0975-A1

Use of the Green Accounting Approach to Assess the Contribution of Watershed Values of the Forestry Sector to the Gross Domestic Product of Himachal Pradesh

Madhu Verma[1]


Abstract

The conservation of ecosystems is often seen as a cost to society rather than an investment that sustains nature and human livelihoods, despite the fact that they are the lifeline of many stakeholders. For example, the hydrological services of forests, mainly water quality and water flow, are among the most valuable of the many ecosystem services from forests. When these ecosystems become degraded, downstream users like farmers, water supply companies and hydropower firms may suffer production losses and large investments in water treatment plants, dams, and flood control structures may be needed to replace these lost “ecosystem services”. Despite the social recognition of the economic values of forest ecosystems, the forestry sector is chronically underfunded and unsustainably managed. It is only by understanding the financial values of these services and investing in their conservation that it may be possible to save the money spent to replace lost services and to increase investments in sustainable forest management. The role of Himachal Pradesh (HP) forests, a Himalayan state of India, as a major production centre for water supplies that extend beyond HP via numerous rivers of northern India to serve the cities and agriculture of Indo-gangetic plain is quite widely appreciated in HP. The valuation of watershed benefits to various economic sectors, regions and stakeholders inside and outside of the state has not yet been made, but has been felt by many. The livelihood security of the people of Himachal and downstream is heavily dependent on the ecological security of the forests, which will be guaranteed only when we understand their real worth. Thus this paper attempts to use the Green Accounting approach to work out the true economic value of HP forests, highlighting the watershed values in the local and regional economies and in the gross domestic product of the state.


1. Introduction

Forests are one of the most important components of the terrestrial environmental system and a complete resource base. They provide not only various goods but also maintain the ecological balance & life-support systems essential health and all round development of human kind. In the State of Himachal Pradesh (H.P.) where forests and the people and sectors who depend upon them are facing increasing types and rates of change. There are multiple uses of forests by multiple - stakeholders. As per the government of India notification, H.P. has to keep 66% of its geographical area under forests so as to maintain ecological balance of itself and adjoining regions. Through there has been increasing pressure on forests but there has been little commensurate charge in the policy and institutional framework to handle such pressures. The policies have failed to recognize the role of forests in socio-economic, ecological and cultural development of the state. The forestry sector is shown to have contributed only 5.6% of the GSDP. Quite matching with the under estimated contribution of forestry sector to GSDP, the allocation of plan outlay to forestry sector i.e. around 5% - 6% and that is the major reason for degradation of forests.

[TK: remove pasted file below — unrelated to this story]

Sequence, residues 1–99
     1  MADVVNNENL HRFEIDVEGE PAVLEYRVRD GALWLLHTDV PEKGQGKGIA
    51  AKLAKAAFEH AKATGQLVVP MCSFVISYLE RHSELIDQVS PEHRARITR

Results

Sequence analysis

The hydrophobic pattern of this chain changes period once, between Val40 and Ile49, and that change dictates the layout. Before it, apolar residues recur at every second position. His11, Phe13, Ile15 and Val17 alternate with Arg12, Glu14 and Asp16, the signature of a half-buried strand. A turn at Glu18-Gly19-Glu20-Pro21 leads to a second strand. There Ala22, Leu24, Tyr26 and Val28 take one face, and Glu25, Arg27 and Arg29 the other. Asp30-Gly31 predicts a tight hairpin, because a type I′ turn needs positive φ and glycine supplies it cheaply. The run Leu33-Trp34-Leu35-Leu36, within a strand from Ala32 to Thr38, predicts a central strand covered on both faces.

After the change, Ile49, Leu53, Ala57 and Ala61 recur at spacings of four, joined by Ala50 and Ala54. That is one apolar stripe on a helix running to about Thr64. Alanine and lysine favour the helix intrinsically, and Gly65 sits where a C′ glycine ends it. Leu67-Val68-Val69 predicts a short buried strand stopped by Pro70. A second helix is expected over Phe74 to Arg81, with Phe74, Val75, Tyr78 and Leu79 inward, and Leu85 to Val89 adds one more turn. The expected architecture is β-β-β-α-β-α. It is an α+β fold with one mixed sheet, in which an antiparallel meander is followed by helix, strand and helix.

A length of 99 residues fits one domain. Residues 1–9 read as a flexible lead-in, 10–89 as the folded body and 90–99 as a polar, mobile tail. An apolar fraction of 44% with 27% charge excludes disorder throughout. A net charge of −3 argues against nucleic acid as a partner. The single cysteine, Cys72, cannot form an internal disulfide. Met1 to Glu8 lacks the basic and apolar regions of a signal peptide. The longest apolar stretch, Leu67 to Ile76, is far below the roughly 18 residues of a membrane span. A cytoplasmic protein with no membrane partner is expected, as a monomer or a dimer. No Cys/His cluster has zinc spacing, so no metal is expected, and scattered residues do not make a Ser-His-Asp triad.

2. State of Forest Resources in Himachal Pradesh

2.1 Forest Wealth

The state is one of the few States in India where more than 60 % of their geographical area is forest area. Of the total geographical area of 55,673 km2; the area under forest is 36,986 km2 (66% of the geographical area). Out of the total forest area only 12,521 km2 (33.80% of the forest area) is under tree cover. 76.35% of the area under tree cover (9,560 km2) is under dense forest (having canopy cover of 40% and above) and 23.65% (2,961 km) is under open forest (canopy density between 10-40%). The state has six different types of forests, which is reflection of richness of species in Himachal forests.Of the total forest area of 36,986 km2, 19,001 km2 (51%) area is above 4000 altitude remain covered under snow and 1510 km2. (4%) area at the altitude of 3000-4000m is not fit for tree crops. Thus the area available for raising forests is only 16,445km(40% of the total forest area). The state is unique in the country to have taken lead in imposing ban on green felling since 1984. The average annual removal is only in the form of salvage & Timber Distribution Rights to the right holders as per settlement reports.

2.2 Economic Dependence on Forest

The state has population of 51,70,877 with 91.31% of it living in rural areas. 8.61 lakh Households living in rural areas require fuel energy from forest & other farm sources. 80% of the fuel wood requirement is to be provided by forests. At the same time livestock population of the State of 51,16,933 cattle (which almost equals human population) puts demand for fodder on forest. Thus 0.71 Sq. Km per capita availability of forest has to provide equally for fodder as well as for fuel wood. Various direct consumptive benefits and non-consumption and many indirect benefits are extracted from Himachal forests.

3. Economic Valuation of Himachal Pradesh Forests[2]

The study highlights that various users are well aware of multiple uses but not the use values of forests and that reason is leading forest degradation. Thus it attempts to estimate various use values of Himachal forest using the market price, substitution approach, productivity method, welfare method, avoidance cost and household production function approaches as applicable to various values. As the time related to the study was limited, for certain values it also uses findings of specific valuation studies undertaken in the state to extrapolate for the entire state. The major limitation of the study is possible overlapping of values like eco-tourism with biodiversity, watershed and carbon sink values etc. Further the study assumes total growing stock in forest as stock value and all other values as flow values and calculates them on annual basis. The study neither claims any precision nor it attempts to provide accurate monetary values of various benefits specially the intangible ones rather it is the first attempt in India to reflect an approximate total contribution of state’s forests into economic development of Himachal and other regions such that the environmental functions of the forests can find appropriate place in the economic planning. Various direct and indirect values have been worked out as follows: